Mahogany is a popular, usually cheaper, alternative to walnut. Mahogany veneer has been around for centuries and is a popular choice for cabinetry and furniture making.


To identify ash wood, look for a very light color with wide spacing between growth rings. Ash wood is typically beige or very light brown, with light brown growth rings that may almost blend into the surrounding grain. Although ash may resemble oak, it typically has fewer brown hues in its color and never displays red hues.


To identify beech, look for its characteristic cream-colored straight and tight grain pattern. You may also see yellow or reddish hints in the cream color. The grain often has gray flecks in it. Beechwood is a popular choice for furniture that requires curved or rounded edges, like chairs. The wood is pliable and can be bent using steam, making it ideal for shaping.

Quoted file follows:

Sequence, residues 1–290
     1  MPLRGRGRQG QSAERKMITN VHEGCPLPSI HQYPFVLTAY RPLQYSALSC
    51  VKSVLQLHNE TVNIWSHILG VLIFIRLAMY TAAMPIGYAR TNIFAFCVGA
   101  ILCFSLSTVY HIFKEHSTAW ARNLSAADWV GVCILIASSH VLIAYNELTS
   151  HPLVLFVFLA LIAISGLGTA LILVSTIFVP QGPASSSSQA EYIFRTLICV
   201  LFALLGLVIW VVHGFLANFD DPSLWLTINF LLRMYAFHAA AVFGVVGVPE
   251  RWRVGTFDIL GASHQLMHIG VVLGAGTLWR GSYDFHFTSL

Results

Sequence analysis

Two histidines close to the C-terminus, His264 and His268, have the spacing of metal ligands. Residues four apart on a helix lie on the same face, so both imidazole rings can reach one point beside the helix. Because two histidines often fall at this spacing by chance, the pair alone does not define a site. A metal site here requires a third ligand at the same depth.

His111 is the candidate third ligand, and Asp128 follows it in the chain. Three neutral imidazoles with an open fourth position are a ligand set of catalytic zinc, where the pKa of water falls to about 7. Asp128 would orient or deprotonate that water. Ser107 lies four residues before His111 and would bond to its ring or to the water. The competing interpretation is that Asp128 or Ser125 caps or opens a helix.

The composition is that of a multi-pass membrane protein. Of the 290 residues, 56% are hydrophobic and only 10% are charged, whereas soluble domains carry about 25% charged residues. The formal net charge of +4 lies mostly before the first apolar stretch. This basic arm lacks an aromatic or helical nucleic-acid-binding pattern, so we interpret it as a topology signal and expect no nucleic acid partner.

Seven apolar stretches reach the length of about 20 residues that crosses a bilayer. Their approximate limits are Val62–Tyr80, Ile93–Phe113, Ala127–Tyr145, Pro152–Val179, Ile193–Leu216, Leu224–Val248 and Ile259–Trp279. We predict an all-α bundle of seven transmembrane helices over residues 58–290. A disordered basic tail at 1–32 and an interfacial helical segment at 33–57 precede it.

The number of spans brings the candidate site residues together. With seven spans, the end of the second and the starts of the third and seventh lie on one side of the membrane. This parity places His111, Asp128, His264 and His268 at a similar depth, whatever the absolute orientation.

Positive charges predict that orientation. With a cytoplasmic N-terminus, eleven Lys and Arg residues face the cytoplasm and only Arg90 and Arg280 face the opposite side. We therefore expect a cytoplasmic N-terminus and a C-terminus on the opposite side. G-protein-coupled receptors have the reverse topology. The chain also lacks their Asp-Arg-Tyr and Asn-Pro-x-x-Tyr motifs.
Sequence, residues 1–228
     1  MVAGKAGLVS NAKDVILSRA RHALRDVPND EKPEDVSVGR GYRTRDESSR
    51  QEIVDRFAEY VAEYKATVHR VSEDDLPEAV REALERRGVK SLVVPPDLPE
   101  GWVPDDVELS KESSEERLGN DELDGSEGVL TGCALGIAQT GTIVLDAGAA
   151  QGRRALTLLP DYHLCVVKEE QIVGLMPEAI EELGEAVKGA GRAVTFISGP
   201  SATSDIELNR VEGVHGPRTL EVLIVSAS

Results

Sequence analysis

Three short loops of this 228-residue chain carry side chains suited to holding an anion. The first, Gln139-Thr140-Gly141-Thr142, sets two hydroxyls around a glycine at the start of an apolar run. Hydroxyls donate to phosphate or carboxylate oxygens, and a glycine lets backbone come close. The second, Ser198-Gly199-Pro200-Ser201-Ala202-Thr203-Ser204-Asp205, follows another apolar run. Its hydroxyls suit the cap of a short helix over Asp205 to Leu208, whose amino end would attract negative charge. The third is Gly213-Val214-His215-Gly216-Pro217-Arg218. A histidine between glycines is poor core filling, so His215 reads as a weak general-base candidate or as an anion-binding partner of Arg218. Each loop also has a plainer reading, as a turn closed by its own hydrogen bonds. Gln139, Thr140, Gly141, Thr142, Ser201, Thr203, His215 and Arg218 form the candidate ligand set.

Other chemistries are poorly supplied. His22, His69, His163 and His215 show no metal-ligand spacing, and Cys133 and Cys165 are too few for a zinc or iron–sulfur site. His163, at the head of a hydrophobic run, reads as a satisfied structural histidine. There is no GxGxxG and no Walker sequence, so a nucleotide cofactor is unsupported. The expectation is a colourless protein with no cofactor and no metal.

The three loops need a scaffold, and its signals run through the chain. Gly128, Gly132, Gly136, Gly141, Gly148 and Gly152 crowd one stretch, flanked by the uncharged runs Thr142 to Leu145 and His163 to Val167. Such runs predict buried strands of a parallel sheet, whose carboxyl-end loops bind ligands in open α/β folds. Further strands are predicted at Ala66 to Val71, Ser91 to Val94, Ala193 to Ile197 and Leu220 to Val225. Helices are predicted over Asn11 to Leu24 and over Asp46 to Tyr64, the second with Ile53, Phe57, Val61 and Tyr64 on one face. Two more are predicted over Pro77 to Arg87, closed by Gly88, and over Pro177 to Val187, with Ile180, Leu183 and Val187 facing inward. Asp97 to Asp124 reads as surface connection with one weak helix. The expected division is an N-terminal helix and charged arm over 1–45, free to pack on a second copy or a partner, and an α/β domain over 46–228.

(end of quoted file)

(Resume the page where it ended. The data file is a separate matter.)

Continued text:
Poplar is an absorptive wood with fairly uniform physical properties and coloring. The wood is medium in weight and density, with light color and moderately coarse grain, which allows paints and glues to adhere very well. The wood is fairly straight-grained, but the end grain is coarse and irregular. Poplar boards are white/ivory in tone with green or brown streaks running through the heartwood of the board. A key giveaway is its “fluffy texture” when scratched.

Poplar is more commonly used for utilitarian purposes, such as the infamous match sticks. Since it’s a very inexpensive material, it is often used in hidden furniture parts, such as drawer bottoms, bed slats. It is also commonly used for manufacturing plywood or under veneer.